No state legislature would compel doctors to confront patients with the statistical risks of childbearing, serious though they are; a doctor who did so on his own would strike many as intrusive, offensive and out of his mind. Should a woman seek abortion, however, anti-choicers are pushing state laws requiring that she be informed of a risk most experts do not believe exists: a link between abortion and breast cancer. Like the supposedly widespread psychological trauma of abortion, which even anti-choice Surgeon General Dr. C. Everett Koop was unable to find evidence of, the abortion-breast cancer connection is being aggressively promoted by the anti-choice movement. (Even Mother Jones, always quick to take feminists down a peg, leapt on this bandwagon, with an April/May 1995 piece entitled "Abortion's Risk.")
"It's yet another example of efforts to encumber this legal choice and make it more difficult and painful for women," says Dr. Wendy Chavkin, professor of public health and clinical obstetrics and gynecology at New York's Columbia Presbyterian Hospital, and editor in chief of the Journal of the American Medical Women's Association. It's also an attempt by anti-choicers to reframe their opposition to abortion as concern for women's health, something not usually high on their list. These are, after all, the same people who fight health exceptions to "partial birth" abortion bans and who have successfully prevented poor women from receiving medically necessary abortions with Medicaid funds.
Nonetheless, such is the power of the anti-choice movement that laws have been passed in Montana and Mississippi, and bills are pending in fifteen other states, mandating a breast cancer warning (and in some cases, a waiting period for it to sink in). Along with laws come lawsuits: In Fargo, North Dakota, the Red River Women's Clinic is being sued for failing to give such a warning; a 19-year-old Pennsylvania woman is suing a New Jersey clinic for her abortion two years ago, which left her, she claims, with an overwhelming fear of contracting breast cancer. In ferociously anti-choice Louisiana, a new law permits women to sue for damages--including damages to the fetus!--up to ten years after their abortion. Given today's high rates of breast cancer, a deluge of litigation is in the making.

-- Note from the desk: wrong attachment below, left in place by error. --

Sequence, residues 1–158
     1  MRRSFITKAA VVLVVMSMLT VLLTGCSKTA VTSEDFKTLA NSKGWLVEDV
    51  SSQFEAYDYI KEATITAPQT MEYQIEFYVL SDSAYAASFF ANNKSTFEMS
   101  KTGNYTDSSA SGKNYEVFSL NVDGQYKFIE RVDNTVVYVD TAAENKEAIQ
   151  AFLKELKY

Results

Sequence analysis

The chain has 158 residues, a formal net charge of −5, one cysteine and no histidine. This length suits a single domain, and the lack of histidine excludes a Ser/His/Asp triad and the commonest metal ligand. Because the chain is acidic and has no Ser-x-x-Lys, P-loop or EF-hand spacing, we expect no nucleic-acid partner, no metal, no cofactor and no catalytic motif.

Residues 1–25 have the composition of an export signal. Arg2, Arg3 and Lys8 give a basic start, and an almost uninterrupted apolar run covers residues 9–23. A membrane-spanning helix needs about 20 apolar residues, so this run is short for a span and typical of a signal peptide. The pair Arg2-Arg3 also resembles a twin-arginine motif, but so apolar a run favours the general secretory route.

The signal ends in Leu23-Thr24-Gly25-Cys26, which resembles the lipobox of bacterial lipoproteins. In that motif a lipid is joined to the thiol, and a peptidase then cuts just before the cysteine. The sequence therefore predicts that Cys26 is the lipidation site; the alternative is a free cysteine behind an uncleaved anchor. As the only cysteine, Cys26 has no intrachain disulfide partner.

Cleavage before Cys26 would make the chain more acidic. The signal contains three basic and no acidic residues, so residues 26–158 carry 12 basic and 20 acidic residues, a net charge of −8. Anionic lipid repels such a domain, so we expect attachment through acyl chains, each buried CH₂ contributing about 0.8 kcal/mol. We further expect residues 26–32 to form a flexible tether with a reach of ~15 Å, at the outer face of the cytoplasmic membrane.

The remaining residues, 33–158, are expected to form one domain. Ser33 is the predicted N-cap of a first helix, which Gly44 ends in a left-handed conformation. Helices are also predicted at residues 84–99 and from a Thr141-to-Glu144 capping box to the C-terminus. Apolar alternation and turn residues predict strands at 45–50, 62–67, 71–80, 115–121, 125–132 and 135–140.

Does abortion cause breast cancer? Some studies have appeared to suggest a connection: Dr. Janet Daling, for example, an epidemiologist who says she is pro-choice, compared the abortion histories of 1,800 women with and without breast cancer and found that, among those who had been pregnant at least once, the risk of breast cancer was 50 percent higher for those who had abortions--but her cancer-free sample was obtained through telephone interviews with women chosen at random from the phone book. Not everyone has a phone, of course, which raises questions about the comparability of the samples, and besides, how many women would volunteer information about their abortion history to a voice on the phone? Like other studies showing a link, this one was marred by "recall bias": Cancer patients are more likely to volunteer negative information about themselves than healthy people. They are looking for an explanation for a disease--and one many feel must somehow be their fault. Demographic studies, which are free from recall bias, produce different results: Lindefors Harris, analyzing the national medical database of Swedish women in 1989, found that women did deny their abortions, that breast cancer patients were less likely to do so--and that women who had had abortions were less likely to get breast cancer. The largest study to date, of 1.5 million Danish women, found no correlation.